Will Eaves’s “Murmur” recounts Alan Turing’s chemical castration

Alan Turing, is considered one of the fathers of computer science.

Alan Turing, is considered one of the fathers of computer science.

The writer and journalist Lluís Llort, winner last December of the first edition of the ‘Paco Camarasa’ award, recreates an apocalyptic situation in the United States in his new novel ‘Temps mort’, where he considers that it reflects his feeling that “as a society we do not evolve at all.”

Llort, who thus signs his books and who participates in the BCNegra festival, indicated that the idea for this story was born, in a certain way, from having seen the movie The Omega Man many years ago, starring Charlton Heston and based on the novel from Richard Matheson ‘I am a legend’, and from «that concept of being able to leave a man alone in the world doing whatever he wants».

In his new story, published by crims.cat, the Barcelona-based author create the character of Robert Camp, a 34-year-old man who one day is told that he has just received an inheritance from an aunt who lived in America, Raimunda Besalú, whom he did not even know, which leads him to spend all his money to travel to Nueva Orleans, where he will own an isolated mansion.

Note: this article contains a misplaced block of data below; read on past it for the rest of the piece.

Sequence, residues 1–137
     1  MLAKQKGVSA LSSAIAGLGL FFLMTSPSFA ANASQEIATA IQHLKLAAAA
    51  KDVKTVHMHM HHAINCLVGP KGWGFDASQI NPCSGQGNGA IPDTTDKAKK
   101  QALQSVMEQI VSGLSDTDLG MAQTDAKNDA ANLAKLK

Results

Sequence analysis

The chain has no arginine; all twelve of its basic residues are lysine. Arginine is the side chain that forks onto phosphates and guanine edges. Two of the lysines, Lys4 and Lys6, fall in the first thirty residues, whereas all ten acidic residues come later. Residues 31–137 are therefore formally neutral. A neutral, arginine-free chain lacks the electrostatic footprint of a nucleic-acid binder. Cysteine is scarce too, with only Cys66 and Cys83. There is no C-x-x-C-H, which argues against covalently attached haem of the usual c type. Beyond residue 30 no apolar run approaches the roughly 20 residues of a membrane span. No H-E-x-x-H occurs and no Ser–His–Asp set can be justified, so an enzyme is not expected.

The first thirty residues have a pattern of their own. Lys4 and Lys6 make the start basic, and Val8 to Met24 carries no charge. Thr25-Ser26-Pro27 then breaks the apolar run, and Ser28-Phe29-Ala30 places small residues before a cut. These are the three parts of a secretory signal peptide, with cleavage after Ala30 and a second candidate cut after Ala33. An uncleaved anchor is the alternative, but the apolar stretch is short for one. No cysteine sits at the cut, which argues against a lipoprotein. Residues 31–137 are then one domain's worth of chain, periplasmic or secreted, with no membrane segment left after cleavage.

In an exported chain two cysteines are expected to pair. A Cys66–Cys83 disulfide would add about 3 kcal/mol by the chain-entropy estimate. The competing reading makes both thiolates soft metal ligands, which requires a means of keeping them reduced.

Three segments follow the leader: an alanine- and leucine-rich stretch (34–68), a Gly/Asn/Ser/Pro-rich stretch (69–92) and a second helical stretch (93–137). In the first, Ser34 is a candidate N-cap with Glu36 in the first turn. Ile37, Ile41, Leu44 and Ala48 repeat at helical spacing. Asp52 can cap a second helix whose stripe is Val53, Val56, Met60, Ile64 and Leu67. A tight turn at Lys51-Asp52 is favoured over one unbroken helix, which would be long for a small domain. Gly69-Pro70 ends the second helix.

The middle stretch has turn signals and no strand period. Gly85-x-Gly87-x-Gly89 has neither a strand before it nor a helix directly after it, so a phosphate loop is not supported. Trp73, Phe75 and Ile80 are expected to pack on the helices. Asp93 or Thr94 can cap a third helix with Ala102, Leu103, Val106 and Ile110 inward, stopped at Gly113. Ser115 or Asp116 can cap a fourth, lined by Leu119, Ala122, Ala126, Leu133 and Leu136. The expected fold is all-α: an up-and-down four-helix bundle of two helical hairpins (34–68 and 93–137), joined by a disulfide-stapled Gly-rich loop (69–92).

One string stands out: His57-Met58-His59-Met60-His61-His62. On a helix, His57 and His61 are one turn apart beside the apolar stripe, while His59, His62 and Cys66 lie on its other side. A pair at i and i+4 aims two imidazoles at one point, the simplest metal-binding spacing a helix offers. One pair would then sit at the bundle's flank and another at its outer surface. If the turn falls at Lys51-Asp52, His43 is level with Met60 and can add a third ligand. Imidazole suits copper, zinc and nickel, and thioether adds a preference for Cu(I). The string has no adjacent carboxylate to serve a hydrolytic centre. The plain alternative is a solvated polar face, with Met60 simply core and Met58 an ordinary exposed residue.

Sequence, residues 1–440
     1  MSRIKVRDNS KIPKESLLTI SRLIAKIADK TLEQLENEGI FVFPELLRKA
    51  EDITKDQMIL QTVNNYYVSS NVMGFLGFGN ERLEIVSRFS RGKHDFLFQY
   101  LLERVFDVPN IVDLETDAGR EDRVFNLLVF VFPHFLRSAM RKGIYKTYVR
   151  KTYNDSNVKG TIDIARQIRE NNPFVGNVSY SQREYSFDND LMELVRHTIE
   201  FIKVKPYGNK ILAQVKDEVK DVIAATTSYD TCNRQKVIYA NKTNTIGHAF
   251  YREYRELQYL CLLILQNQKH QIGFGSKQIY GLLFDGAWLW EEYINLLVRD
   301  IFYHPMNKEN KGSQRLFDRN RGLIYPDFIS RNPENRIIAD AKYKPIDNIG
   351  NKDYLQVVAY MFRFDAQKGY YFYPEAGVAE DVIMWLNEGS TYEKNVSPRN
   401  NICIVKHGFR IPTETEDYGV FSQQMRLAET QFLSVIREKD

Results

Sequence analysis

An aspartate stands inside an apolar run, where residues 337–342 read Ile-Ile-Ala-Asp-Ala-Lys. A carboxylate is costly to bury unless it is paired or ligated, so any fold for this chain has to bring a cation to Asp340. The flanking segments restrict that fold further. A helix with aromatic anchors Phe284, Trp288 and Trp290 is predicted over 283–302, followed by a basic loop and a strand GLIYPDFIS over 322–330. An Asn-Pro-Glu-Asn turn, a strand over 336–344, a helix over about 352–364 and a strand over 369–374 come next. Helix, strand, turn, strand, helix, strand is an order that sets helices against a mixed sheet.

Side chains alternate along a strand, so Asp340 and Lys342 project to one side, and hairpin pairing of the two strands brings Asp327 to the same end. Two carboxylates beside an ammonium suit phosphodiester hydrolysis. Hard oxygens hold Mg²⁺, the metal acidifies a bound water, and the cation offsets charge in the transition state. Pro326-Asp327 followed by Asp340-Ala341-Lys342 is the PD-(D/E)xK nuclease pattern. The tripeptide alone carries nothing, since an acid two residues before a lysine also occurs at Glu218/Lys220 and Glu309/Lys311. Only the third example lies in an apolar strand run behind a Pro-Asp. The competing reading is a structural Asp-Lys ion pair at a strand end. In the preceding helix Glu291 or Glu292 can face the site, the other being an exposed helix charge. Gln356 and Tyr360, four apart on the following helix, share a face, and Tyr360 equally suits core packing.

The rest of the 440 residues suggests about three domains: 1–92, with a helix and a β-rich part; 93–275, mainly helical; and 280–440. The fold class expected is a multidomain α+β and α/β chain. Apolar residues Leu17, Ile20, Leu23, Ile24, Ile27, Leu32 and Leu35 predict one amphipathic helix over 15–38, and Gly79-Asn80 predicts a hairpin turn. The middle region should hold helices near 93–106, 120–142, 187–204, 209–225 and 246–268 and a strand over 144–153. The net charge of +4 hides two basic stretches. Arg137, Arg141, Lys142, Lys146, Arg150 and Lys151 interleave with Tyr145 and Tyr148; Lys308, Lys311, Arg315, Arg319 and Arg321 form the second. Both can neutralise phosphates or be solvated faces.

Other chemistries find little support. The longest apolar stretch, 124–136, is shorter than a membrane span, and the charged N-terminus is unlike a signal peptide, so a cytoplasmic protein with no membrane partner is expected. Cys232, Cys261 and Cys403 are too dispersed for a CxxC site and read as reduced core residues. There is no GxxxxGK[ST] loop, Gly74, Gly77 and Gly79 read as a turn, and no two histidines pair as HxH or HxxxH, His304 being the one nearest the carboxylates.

Hand in hand with this peculiar protagonist, the reader will enter the basements of this house, through its corridors and through an attic in which various objects are stacked.

¿What if we could get into Alan Turing’s head? Considered one of the fathers of computer science, Alan Turing was subjected to a regimen of hormonal injections after being convicted of “indecent acts” with another man and two years later he was poisoned, probably by himself. ‘Murmullo’ by Will Eaves (Alba Editorial) narrates this episode through the figure of Alec Pryor.

‘Murmullo’ part of this premise. Pryor -as Turing, mathematician, logician, computer scientist, cryptographer, philosopher, and ultra-distance runner-, one of the fathers of computer science, succeeded in decipher the secret Nazi codes in WWIIAlthough he was later persecuted by the British government for committing “indecent acts with another man” and forced to undergo a chemical castration process.

Set in the bleak period that preceded his suicide and recreating Turing’s sessions with Jungian psychiatrist Franz Greenbaum (converted here into the character of Stallbrook, former teacher of the protagonist), the novel recreates an exceptional life, the greatness and miseries of love and the dilemmas of the nature of consciousness.


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